Wages for Housework! Some of us are old enough to remember when this slogan emerged during the 1970s upsurge in feminism in the UK.
At the time many, even most feminists, thought it was probably a bit extreme and impractical – although it made a point about unpaid domestic labour that gets ignored in modern economics (and politics).
It turns out the ‘wages for housework’ campaigners had rather a good point.
In 2018, the ONS released data trying to estimate the size of activity that goes uncounted in GDP because it is not in the direct form of monetary transactions. In the snazzily named ‘Household Satellite Accounts’ they tried to measure “the value of adult and childcare, household housing services, nutrition, clothing and laundry, transport and volunteering.” The results are really quite staggering.
For 2016, they estimate the size of these unpaid household services at £1.24 trillion or 63 per cent of the size of official GDP.
Source: based on ONS data 2018
Or, to put that another way, the UK economy produced value to the tune of more than half as much again as official figures showed – mainly in the home. And mainly by women.
The implications for economics, politics and public policy of these figures cannot be under-estimated.
When David Cameron, for example, was trying to promote his ‘Big Society’ idea in the 2010 Conservative General Election campaign, and subsequently as part of the coalition government, no-one had any idea how much it already existed.
Economics largely ignores this non-monetised value creation – and how it relates to the monetised ‘official’ economy. The latter has largely been debated in terms of the relationship between the private and public sectors, and the dynamics of the private sector. But this third sector – let’s call it the “civic economy” – is clearly of huge importance.
The potential questions that should be being asked – but aren’t – are legion.
For example, is this 63 per cent of official GDP stable, rising, or declining? Is it becoming more or less productive? What impact does it have on the other public and private sectors, and what impact do they have on the civic sector?
To what extent are activities that used to be counted in the official, monetised, economy moving into, or out of, the civic sector?
The growth of the service sector, and self-service practices in things like retail, has transferred a lot of work from paid employment to unpaid domestic self-service work – so from the private sector to the civic sector.
When someone at home spends hours researching and booking a holiday on the web they are replacing the job of someone in a travel agents, for example. This has real impacts – as Thomas Cook recently discovered. This is work being transferred from the private to the civic sector.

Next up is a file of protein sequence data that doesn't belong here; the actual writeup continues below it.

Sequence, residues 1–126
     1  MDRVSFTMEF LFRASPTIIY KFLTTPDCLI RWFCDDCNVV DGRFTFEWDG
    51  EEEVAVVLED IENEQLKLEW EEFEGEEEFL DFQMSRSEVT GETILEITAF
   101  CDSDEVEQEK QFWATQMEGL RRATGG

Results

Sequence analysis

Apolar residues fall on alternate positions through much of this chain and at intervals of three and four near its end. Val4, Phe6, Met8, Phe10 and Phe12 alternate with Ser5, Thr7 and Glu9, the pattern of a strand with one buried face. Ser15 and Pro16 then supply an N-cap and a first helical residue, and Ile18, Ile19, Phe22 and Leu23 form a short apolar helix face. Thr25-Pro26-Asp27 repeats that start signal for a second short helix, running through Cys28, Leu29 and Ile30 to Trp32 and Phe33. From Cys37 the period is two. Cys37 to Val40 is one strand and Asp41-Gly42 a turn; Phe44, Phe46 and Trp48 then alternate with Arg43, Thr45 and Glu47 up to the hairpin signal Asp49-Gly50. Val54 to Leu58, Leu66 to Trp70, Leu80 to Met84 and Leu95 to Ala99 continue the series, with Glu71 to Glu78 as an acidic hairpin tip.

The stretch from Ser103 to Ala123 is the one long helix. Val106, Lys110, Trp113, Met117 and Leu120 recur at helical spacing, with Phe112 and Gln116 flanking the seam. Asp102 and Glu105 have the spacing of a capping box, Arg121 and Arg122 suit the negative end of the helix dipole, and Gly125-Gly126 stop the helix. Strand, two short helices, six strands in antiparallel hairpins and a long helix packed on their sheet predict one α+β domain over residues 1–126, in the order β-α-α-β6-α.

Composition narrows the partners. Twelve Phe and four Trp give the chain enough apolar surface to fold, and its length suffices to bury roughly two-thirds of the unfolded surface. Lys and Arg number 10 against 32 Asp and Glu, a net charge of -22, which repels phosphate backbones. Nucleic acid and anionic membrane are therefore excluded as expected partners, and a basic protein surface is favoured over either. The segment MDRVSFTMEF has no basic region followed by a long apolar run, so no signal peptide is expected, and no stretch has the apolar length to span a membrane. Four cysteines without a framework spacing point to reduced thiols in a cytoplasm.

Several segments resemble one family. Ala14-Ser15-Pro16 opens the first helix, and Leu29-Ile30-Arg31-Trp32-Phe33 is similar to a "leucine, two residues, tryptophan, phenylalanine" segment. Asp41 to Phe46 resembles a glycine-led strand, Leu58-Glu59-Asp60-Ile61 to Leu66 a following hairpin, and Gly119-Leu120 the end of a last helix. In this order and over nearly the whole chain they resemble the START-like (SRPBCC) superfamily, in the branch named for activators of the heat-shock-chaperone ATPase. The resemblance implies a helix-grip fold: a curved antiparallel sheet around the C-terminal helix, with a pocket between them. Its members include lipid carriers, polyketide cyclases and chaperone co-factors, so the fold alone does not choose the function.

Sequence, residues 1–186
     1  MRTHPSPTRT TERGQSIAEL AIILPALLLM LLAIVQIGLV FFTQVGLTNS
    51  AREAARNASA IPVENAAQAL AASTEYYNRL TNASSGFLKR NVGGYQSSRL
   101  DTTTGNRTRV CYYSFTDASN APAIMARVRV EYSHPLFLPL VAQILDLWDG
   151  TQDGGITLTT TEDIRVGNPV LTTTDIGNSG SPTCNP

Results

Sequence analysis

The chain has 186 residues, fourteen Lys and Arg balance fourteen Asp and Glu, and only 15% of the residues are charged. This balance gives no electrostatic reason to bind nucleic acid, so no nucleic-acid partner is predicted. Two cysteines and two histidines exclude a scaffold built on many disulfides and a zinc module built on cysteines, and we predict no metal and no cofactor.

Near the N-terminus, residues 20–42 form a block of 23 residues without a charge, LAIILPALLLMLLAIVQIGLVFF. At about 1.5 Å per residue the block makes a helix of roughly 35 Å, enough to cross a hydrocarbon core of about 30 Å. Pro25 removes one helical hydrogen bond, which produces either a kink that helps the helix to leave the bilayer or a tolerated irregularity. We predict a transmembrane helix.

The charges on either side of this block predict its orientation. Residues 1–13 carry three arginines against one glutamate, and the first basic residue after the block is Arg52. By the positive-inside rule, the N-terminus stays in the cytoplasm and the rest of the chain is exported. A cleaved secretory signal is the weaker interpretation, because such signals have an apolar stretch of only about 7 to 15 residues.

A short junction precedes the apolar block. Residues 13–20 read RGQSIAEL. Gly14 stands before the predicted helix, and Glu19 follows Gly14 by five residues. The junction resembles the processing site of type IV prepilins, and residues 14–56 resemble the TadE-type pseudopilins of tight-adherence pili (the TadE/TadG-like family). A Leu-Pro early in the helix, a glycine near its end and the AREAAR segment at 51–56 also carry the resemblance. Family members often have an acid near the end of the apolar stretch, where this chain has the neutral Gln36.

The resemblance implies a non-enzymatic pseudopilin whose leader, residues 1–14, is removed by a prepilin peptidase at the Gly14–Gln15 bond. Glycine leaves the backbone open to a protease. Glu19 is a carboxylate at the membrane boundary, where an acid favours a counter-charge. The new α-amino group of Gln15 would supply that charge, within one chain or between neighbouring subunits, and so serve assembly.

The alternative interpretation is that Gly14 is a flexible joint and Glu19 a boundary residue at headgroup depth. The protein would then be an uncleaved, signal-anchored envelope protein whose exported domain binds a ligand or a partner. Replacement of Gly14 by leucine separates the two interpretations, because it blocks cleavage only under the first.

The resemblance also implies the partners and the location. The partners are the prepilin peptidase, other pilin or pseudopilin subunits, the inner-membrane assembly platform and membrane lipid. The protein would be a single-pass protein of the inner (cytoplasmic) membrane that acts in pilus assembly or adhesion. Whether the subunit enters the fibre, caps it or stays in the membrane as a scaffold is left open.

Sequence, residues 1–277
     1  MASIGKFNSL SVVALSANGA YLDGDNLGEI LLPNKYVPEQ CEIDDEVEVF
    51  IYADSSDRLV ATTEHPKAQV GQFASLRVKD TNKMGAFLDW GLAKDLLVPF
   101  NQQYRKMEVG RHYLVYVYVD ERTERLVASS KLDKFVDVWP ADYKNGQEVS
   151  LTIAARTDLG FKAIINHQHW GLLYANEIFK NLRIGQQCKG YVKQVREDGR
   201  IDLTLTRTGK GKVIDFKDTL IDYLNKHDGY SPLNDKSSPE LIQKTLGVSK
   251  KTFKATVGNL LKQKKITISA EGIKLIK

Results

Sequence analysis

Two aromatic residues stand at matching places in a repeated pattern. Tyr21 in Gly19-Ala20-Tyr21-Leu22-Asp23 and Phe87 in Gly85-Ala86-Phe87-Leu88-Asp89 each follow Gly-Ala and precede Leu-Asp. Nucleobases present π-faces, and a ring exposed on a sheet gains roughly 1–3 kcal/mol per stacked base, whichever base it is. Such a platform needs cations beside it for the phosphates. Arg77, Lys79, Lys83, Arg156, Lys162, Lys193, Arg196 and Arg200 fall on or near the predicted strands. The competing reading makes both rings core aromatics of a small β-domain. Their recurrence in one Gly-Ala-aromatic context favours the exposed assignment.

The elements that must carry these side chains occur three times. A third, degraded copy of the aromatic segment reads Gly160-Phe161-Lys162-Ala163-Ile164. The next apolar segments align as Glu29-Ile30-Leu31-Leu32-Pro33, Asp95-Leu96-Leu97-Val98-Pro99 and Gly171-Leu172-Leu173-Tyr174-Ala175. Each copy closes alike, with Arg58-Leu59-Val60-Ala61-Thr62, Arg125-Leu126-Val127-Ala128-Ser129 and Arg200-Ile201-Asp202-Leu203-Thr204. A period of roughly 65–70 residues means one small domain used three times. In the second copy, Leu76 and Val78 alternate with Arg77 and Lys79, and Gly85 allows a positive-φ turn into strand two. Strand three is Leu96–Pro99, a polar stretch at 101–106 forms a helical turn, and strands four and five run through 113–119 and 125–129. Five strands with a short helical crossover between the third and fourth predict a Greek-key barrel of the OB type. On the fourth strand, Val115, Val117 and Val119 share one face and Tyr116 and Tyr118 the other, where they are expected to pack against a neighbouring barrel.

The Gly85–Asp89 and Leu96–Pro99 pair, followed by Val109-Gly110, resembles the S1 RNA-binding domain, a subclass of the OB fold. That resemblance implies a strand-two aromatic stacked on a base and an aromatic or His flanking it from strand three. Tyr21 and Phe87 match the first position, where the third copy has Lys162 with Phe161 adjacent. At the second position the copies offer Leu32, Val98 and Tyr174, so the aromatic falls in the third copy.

What affects do these sorts of changes have on official productivity? If, for example, it was eliminating low-productivity activities from the official figures, it would boost average productivity numbers? Does it? And by how much? It’s not clear anyone knows.
Politics, and public policy, over recent decades has focussed on a debate about the relative size of the state and the market and the relationship between them. The Right claimed (wrongly) that only the market and capitalism create wealth. The Left sometimes challenged this, but more often focused on how wealth should be (re)distributed.
Neither side really attempted to understand the role that both the public and private sectors, together and separately, played in creating and distributing value in society.
In the UK the split is roughly 80/20 between private and public sectors in the official economy.
Source: calculated from ONS data
But when the ‘civic economy’ is added, the picture changes dramatically.
Source: calculated from ONS data
The overall real economy is much larger. The private sector is far less dominant, decreasing to only just over half of all real economic activity. And the relationship between the three sectors becomes a whole lot more complex.
Experts like Diane Coyle have long been pointing out that GDP numbers – developed for the industrialized economies of the late 20th century – are ‘problematic’ in the more intangible, service dominated, economies of the early 21st century.
Coyle’s book GDP – a brief but affectionate history sets out some of the arguments. She identifies three key issues for 21st century GDP: the increasing complexity of modern economies making them harder to measure representatively; their increasingly immaterial nature; and the problem of sustainability or what economists would call “externalities”.
To which we can now add – and what is an economy anyway? Are mum’s (and dad’s) providing ‘free’ domestic services (or not) to young workers to enable them to get to work in good order just as much part of the real economy?
Any radical policy agenda for transforming 21st century society needs to start addressing these issues.